The new, improved “Side Show” smells like a hit. Helmer Bill Condon’s shrewd reworking of this short-lived 1997 cult musical by Henry Krieger and Bill Russell (which comes to Gotham via La Jolla and the Kennedy Center) is both darker in tone and lighter in theme than memory has it. Leading ladies Emily Padgett and Erin Davie are perfection as Daisy and Violet Hilton, conjoined twins in real life who were plucked out of a carnival midway by a rascal showman and transformed into vaudeville stars. A lot of things that didn’t work in the original version still don’t work now, but no question about it, this show has the best freaks on Broadway.
The reworked book is all the better for keeping a tight focus on sassy Daisy (Padgett) and sweet Violet (Davie), country girls whose personal journey from obscurity to fame brings both happiness and heartbreak. It was also a smart creative decision to drop the original belligerent subtext (We’re-All-Freaks-Sucker-So-Don’t-Think-You’re-Normal), which allows the freaks to be freaks rather than metaphors.
The stunning opening number, “Come Look at the Freaks,” presents these social outcasts — among them a bearded lady, a hairy dog-boy and a lizard-man — in all their macabre glory as they slither out from the shadows created by Jules Fisher and Peggy Eisenhauer’s lighting design. Draping themselves all over David Rockwell’s murky carnival stage, they proudly exhibit their deformed bodies in the customized costumes (and nifty prostheses) designed by David and Lou Elsey. They must have been quite a sight during the bleak days of the 1930s Depression, reassuring the rubes that, no matter how badly off they were, they weren’t that badly off.
However alluring (or revolting) these unfortunates might appear to the customers who hand over their dimes and crowd into the sideshow tent, backstage they are one big family. Sir, the sleazy proprietor played in grand showman style by Robert Joy, isn’t the kindest boss to work for, but as a father figure, he represents the only stability that Daisy and Violet have ever known. Jake, the make-believe cannibal who is secretly in love with Violet, is a far better protector, especially in David St. Louis’ powerful performance.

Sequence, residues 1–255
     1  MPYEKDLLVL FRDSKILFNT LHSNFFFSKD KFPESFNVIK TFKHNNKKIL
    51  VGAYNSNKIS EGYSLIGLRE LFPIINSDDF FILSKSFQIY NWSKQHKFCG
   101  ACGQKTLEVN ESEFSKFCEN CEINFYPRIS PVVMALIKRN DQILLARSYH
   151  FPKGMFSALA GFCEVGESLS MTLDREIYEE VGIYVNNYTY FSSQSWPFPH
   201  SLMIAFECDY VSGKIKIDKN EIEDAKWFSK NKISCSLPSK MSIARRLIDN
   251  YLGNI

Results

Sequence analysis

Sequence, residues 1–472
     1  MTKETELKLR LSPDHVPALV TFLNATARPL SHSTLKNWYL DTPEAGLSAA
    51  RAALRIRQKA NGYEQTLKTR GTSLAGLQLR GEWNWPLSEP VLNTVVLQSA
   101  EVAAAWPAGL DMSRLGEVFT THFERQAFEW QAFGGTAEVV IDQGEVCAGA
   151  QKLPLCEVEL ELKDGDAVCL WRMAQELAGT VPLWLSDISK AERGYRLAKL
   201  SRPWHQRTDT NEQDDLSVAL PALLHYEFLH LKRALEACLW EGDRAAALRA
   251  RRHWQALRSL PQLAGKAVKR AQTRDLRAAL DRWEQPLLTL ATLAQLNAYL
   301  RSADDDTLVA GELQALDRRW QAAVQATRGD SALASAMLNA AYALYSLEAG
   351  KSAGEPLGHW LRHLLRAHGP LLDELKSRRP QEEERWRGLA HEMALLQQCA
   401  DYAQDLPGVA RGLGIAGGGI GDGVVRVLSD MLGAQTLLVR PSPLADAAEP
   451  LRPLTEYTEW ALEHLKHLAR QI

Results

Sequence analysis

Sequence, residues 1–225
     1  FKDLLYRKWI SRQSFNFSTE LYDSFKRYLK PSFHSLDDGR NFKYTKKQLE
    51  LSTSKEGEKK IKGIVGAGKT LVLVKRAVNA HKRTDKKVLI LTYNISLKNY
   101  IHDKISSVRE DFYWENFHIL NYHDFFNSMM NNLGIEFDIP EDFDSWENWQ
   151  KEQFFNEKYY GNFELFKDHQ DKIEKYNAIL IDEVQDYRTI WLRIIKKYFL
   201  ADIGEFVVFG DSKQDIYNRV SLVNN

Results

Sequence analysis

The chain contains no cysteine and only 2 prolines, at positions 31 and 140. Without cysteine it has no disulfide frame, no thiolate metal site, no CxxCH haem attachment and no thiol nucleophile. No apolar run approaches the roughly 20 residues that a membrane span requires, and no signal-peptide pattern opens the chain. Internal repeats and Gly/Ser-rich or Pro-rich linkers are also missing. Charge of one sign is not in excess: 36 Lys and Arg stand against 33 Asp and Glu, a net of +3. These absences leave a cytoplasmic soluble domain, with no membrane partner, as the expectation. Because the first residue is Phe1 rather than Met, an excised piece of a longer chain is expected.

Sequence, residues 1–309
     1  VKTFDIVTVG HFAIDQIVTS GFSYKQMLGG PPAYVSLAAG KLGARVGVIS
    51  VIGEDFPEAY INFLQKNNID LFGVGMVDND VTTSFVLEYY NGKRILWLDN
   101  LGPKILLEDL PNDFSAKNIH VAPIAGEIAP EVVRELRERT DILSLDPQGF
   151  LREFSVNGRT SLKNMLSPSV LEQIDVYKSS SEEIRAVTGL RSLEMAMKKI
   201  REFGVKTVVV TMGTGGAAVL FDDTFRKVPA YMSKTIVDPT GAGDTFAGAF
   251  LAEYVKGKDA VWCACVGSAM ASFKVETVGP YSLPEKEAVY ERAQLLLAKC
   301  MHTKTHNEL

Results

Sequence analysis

But no one can protect the girls from Terry Connor (Ryan Silverman), a hustler who recognizes their potential value as vaudeville performers (“Very Well Connected”), and Buddy Foster (Matthew Hydzik), the sidekick who takes on the job of training them in the ways of show biz, winning hearts as “Typical Girls Next Door.” As we already know from their poignant desire to be “Like Everyone Else,” Daisy and Violet are ready to leave their family, and when they finally go (“Say Goodbye to the Sideshow”), the sense of loss is keen.
Costumer Paul Tazewell comes into his own when Daisy and Violet find fame and fortune on the vaudeville circuit. Stripping the girls of their innocent pink dresses, he drapes them in some really stunning numbers, from flirty red dresses and elegant suits to beaded white wedding gowns that look stunning on Padgett and Davie — who finally get some frocks as lovely as their glorious soprano voices.
But aside from the pretty clothes (and blonde hair) the twins get to wear, life on the vaudeville circuit can’t compare with the loving home they left in the first act. The twins’ individual characters are complex and, as played here, quite moving. The sentiments of “Who Will Love Me as I Am?” and “I Will Never Leave You” have thought and depth, and unlike the love songs, are not bellowed at the high decibel of football cheers.
But no one else is written with any depth whatsoever. Terry’s character is shockingly shallow and Buddy’s only slightly less so, salvaged by a modest note of sexual ambiguity. And while the clarity of the vocal arrangements enhance the lovely musicality of Krieger’s lyrical compositions, that lucidity also exposes the clunkiness of the lyrics, which land on defenseless ears like blunt instruments.